Review the Summer Season

Now that we are settling into winter and the routines of winter housing, it is a good time to think back over the spring and summer seasons.  What went right and what was not so good?  Why did the aspects you are not so happy with occur, and what, if anything, can you do about it?  The days may seem short and dreary at this stage of the year, but it will not be too long before spring commences again.

Were your pastures growing enough grass and was the quality good enough?  To answer this, you need to know what you grew and have a measure of the quality.  Those farmers who measure (even if it is informally done) have tended to achieve better value from their grazing all season.  By having knowledge in advance, they were able to challenge their animals to perform off the grass better or they may have conserved better quality silage to feed in winter.  If you do not know how to measure and record grass production, maybe the longer winter evenings are a good time to start educating yourselves on how to approach this topic.

Well grown grass that is grazed at the correct stage of growth can support over M + 20 litres of production, or achieve live weight gains of up to 1.3 kg gain per day.  What is more, if grass is actively grazed and managed correctly, swards can produce high quality forage all season.  AHDB records show that during the 2017 grazing season, energy levels of approaching 11.5 – 12.0 ME and CP levels of over 20% were maintained from March to early November.  This is the equivalent of, or better than, some bought in feeds, yet it is available in the field!  Quality grass can prove to be a considerable saving in terms of feed input and many farmers have saved over 2 kg cake per cow per day by improving their grazing quality and improving the growth potential.  Grassland management is an area that can be easily manipulated and improved by taking a positive management approach.  It is also one of the cheaper aspects one can work on.  The difference between average and higher performance is more of an “attitude to management” than a major cost increase.  Most grassland farmers spend a similar amount on their grassland, and yet some people achieve considerably better results.  Why is this?  Can you make yourself “knowledge ready” for the next grazing season starting February 2018?!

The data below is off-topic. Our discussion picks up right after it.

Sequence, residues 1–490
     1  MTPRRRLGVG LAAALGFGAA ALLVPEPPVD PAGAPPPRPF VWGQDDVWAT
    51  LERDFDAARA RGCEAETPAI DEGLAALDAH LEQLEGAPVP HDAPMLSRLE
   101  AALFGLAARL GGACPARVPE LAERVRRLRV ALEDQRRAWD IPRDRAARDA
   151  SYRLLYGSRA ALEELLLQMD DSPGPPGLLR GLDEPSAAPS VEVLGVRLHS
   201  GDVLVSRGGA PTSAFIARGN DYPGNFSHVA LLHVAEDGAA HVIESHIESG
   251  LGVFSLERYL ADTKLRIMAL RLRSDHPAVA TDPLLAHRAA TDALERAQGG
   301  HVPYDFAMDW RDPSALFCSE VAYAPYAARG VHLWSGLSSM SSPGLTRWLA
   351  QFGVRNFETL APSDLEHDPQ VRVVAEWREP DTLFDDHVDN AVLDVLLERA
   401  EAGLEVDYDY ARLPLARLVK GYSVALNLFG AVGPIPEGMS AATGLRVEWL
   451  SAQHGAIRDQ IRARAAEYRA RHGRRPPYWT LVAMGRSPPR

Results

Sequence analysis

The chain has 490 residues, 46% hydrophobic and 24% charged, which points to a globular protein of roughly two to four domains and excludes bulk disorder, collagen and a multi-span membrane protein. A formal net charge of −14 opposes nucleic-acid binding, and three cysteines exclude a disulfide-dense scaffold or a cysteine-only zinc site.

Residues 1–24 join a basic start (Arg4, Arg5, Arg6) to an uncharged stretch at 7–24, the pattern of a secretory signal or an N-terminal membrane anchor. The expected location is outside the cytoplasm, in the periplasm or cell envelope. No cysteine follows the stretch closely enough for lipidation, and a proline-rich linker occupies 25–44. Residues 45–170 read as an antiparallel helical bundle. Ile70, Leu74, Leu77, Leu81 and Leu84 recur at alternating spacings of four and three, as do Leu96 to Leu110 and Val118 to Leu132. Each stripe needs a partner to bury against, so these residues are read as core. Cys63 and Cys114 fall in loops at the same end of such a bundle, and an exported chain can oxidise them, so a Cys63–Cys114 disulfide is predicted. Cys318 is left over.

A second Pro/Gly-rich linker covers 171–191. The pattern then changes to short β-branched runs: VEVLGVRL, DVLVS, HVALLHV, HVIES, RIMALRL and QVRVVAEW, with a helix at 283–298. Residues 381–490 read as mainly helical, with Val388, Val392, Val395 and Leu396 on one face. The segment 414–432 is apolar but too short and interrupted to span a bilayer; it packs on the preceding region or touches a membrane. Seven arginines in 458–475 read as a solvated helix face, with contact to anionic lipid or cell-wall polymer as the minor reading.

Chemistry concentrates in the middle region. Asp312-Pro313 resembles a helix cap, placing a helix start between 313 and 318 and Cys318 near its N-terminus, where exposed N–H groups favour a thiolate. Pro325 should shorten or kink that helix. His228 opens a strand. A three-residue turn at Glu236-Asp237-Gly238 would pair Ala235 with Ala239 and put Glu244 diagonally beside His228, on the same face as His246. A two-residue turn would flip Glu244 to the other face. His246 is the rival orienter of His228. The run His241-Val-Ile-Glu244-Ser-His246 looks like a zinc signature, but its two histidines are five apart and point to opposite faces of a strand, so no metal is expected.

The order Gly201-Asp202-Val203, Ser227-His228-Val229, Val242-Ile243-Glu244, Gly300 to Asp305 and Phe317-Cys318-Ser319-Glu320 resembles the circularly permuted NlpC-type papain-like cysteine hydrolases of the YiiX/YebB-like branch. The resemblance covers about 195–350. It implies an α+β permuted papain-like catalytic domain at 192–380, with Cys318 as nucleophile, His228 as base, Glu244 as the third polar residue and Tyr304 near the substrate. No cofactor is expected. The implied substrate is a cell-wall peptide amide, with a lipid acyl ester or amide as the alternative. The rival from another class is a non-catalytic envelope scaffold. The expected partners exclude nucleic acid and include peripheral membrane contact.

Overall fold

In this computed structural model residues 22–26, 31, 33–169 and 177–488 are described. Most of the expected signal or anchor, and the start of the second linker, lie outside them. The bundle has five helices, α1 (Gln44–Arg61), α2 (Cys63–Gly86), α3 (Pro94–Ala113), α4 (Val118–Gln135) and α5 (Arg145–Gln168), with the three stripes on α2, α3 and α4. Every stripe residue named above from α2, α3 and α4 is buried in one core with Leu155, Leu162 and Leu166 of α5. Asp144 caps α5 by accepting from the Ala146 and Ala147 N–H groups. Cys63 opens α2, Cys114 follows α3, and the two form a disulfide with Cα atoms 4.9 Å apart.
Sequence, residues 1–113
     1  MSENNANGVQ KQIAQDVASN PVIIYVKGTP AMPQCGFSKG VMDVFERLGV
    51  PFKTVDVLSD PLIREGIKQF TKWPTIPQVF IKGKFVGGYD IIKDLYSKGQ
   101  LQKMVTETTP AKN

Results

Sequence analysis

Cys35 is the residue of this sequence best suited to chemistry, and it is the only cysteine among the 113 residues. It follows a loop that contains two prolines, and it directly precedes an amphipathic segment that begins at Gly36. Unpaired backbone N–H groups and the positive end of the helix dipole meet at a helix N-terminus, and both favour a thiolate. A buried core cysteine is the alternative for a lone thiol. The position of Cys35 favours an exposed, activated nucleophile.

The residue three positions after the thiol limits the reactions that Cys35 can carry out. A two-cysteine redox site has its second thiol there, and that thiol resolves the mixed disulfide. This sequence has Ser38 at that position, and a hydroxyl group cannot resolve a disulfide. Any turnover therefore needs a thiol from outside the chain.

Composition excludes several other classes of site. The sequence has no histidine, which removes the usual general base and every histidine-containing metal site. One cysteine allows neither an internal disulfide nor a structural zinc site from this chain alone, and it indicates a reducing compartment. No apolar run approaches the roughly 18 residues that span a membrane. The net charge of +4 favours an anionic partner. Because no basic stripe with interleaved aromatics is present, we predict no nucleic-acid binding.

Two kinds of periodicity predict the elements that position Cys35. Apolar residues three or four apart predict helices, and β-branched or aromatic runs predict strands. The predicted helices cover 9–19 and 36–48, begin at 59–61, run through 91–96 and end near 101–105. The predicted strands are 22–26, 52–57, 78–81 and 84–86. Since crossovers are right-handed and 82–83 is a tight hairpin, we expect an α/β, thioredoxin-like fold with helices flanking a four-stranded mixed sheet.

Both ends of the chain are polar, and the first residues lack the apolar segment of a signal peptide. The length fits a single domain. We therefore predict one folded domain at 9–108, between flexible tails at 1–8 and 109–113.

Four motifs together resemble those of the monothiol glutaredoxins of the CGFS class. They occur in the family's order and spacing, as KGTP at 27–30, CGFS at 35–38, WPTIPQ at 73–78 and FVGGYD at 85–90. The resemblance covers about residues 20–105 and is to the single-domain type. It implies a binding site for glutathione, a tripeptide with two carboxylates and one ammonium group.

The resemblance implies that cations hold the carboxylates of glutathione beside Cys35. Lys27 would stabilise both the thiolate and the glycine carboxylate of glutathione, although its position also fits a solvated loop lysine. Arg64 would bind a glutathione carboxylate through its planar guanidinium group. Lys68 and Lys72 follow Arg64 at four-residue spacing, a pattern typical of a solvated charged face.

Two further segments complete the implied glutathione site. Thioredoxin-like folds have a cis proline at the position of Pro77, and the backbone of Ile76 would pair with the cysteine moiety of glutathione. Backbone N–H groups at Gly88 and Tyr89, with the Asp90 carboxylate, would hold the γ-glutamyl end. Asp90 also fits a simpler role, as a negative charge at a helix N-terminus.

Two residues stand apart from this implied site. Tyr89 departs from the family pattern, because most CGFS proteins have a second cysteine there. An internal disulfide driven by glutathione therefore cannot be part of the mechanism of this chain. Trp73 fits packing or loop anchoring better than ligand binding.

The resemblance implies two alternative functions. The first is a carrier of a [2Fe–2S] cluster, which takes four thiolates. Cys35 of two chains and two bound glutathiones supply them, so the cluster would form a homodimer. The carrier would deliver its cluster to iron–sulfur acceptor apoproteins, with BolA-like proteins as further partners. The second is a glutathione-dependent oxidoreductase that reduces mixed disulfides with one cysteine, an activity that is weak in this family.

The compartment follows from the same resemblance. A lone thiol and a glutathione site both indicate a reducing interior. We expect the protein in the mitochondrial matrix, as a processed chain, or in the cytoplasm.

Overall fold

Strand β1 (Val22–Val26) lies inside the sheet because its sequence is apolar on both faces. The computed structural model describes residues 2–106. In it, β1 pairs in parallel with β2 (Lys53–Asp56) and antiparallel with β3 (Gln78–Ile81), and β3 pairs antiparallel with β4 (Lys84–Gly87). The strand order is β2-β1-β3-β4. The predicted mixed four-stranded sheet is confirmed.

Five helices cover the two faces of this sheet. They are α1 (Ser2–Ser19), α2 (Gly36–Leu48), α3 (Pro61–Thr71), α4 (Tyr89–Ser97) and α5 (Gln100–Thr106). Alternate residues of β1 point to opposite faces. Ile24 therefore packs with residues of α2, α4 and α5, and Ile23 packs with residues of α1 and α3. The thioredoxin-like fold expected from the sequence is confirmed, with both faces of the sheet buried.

For more information on grassland management, please contact your local FCG office or Ian Browne at ianbrowne@fcgagric.com

Posted in Arable & Crops, Business Management, Stafford.